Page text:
The iPhone app is purely functional: you can review available cars, locations, make reservations, and actually make the car horn honk when you're nearby looking for it. The interface is simple and utilizes the bands of green that appear on Zipcar's web site, so it's nothing special to look at. It's not funny, and there's nothing viral to send to a friend. But it's brilliant branding.
Doing things that matter to consumers is the great, undiscovered country for brands. The days of being witty or otherwise different with advertising copy or grand PR declarations are long gone. People don't believe it what businesses claim to be true, and there's an inverse relationship between the entertainment quotient of the inputs into social media, and the relevant actions that come out of it. Talking about a funny video just doesn't equate to effective marketing anymore. I'd argue that it never did.
So for every hundred dumb "advergames" that companies propagate into the cosmos, there's usually one app or online service that adds value to consumers' experiences. The Zipcar utility (which is what it is, really) is one of those exceptions.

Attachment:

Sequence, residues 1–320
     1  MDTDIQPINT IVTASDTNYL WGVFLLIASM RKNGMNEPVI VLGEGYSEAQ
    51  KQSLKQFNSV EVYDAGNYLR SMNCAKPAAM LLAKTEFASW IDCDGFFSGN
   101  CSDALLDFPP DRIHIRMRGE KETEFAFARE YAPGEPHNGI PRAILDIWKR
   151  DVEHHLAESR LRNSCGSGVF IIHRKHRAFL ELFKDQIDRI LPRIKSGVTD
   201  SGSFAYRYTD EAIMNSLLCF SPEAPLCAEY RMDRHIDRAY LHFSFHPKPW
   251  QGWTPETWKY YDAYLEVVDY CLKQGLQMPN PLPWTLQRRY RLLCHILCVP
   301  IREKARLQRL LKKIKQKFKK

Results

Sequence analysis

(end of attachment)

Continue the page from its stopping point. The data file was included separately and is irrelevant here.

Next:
It's interesting that consumer reactions to it have not been consistently good; as much as half of the numbers reporting the top rating give it only one star. Their biggest problems aren't about anything to do with creative marketing (the jokes weren't funny, the socialness wasn't social enough), but rather that the app doesn't do enough! The consistent complaint was that it should replace the zipcard members must still use to rent vehicles.
This is exactly where brands want to have conversations with their customers. Reality. Doing things. It's why the Zipcar app is brilliant branding.
Jonathan Salem Baskin writes the Dim Bulb blog and is the author of Branding Only Works On Cattle.